Police Now officer wins Safer Neighbourhood Team Officer of the Year award
Friday 8th November 2023
Police Constable Amy Hunter was recognised in Hertfordshire Police Chief Constable’s Awards 2023 for her excellent partnership and problem-solving work in Stevenage, including improving local NHS-police relationships.
Amy won the Safer Neighbourhood Team Officer of the Year award and shows relentless passion for supporting the public. She joined the force in 2020 via Police Now’s National Graduate Leadership Programme, which recruits, trains and develops talented graduates to excel as neighbourhood officers across England and Wales.
Amy successfully led a two-year partnership project with a local mental health unit, to reduce the number of hoax 999 calls from patients and better support and protect staff at the facility. The intervention and support she provided resulted in a 50% reduction in hoax calls, freeing up essential police resource and leading to a vast improvement in the local NHS-police relationship, with staff reporting feeling safer and more empowered in their roles. Amy went above and beyond to share learning and resources from the initiative, which is now being adopted across other areas of the force.
She is also using her partnership skills to collaborate with the New York Police Department, to share learning around improving policing culture and building public trust and confidence in the police service. The project has a particular focus on better protecting women and girls during the night-time economy. Despite her significant workload, Amy is also undertaking British Sign Language training to find further ways of engaging with her local community and schools in the area.
Amy not only shows compassion towards the public she serves, but also to her frontline colleagues. She has voluntarily become a force Wellbeing Champion to support those around her and has seen great success in tutoring other student officers to reach their full potential.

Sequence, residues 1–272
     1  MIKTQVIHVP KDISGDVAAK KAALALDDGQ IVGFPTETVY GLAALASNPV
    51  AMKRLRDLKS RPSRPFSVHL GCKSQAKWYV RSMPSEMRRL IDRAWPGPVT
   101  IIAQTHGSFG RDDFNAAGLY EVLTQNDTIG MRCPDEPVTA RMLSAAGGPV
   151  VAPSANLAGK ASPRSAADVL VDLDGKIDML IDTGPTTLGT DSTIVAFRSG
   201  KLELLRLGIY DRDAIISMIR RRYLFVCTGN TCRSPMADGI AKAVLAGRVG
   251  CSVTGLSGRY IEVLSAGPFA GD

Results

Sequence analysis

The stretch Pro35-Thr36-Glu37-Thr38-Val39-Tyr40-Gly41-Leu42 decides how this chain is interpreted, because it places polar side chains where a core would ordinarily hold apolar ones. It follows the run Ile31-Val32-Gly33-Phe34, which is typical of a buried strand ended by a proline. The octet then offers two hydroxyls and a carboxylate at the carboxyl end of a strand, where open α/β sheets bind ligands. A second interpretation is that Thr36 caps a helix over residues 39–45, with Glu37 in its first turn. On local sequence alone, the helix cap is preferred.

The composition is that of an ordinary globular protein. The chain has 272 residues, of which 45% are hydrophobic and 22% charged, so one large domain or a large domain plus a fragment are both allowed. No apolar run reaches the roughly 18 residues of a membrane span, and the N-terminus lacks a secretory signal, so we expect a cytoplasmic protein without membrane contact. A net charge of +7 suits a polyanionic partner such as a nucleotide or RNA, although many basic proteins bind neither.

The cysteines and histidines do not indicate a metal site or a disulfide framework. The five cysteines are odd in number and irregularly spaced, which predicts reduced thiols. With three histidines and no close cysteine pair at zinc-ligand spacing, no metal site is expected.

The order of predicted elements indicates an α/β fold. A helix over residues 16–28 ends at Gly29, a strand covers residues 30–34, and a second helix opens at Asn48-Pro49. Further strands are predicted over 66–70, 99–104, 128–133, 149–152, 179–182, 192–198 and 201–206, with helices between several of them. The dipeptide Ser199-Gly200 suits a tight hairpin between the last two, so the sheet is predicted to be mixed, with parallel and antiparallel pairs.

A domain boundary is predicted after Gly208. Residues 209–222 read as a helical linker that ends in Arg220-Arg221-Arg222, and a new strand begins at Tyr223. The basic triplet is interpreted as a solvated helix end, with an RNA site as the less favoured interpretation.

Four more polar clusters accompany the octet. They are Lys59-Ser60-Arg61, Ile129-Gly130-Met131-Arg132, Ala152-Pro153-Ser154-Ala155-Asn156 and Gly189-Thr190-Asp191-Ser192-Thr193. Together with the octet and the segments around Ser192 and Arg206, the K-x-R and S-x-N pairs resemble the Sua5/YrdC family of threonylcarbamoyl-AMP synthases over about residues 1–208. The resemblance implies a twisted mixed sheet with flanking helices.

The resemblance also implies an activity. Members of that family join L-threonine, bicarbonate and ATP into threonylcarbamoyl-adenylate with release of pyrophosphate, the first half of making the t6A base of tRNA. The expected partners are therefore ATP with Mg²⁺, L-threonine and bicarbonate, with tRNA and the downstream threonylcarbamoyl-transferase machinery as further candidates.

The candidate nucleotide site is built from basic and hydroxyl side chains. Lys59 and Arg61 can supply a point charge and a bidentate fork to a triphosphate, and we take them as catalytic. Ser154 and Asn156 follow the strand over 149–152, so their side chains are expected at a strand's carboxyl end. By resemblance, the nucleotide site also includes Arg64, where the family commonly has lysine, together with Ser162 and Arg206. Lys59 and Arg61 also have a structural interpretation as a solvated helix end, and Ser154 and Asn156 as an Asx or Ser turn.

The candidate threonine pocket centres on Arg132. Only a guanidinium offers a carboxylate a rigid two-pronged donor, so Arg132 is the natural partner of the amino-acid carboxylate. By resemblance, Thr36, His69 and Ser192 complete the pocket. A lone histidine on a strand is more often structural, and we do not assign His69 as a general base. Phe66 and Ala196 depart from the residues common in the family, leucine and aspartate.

Sergeant Matt McGinnigle, who nominated Amy for the award, said: “Amy is undoubtedly a brilliant officer, with the highest levels of compassion and victim focus I have ever seen. But more than being a good copper, she is an excellent teammate and role model who really cares, supports and inspires those around her. She is a pleasure to work with and without any prompting, consistently produces results that provide both defined and unquantifiable benefits to a variety of communities. If I could say one thing, it would be that I feel very proud – and fortunate – to work with her.”
Police Constable Amy Hunter said: “I am delighted to have been recognised at this year’s Chief Constable’s Awards, which is something I wasn’t expecting and a real honour. Although I previously studied Criminology, I had never really considered joining the police until I came across Police Now’s neighbourhood programme. I was working in a fish and chip shop when I received my offer to join and threw myself into the new role.
“I have loved the last two and a half years, as I’ve worked hard to embed myself within the community and get to know the public I serve. What I love about neighbourhood policing is how varied the role is and the real impact you can make, as you learn about the issues important to your community and how to tackle long-term problems. I am looking forward to the rest of my career as I continue to engage with the community and make a real difference.”
The Chief Constable’s Awards were held in November at Tewinbury Hotel in Welwyn, attended by Chief Constable Charlie Hall QPM and Hertfordshire Constabulary’s outstanding officers, staff and volunteers. They were joined by Police and Crime Commissioner David Lloyd, the High Sheriff of Hertfordshire Liz Green, Lord-Lieutenant of Hertfordshire Robert Voss, and the Deputy Chief Fire Officer Andy Hopcraft from Hertfordshire Fire and Rescue Service.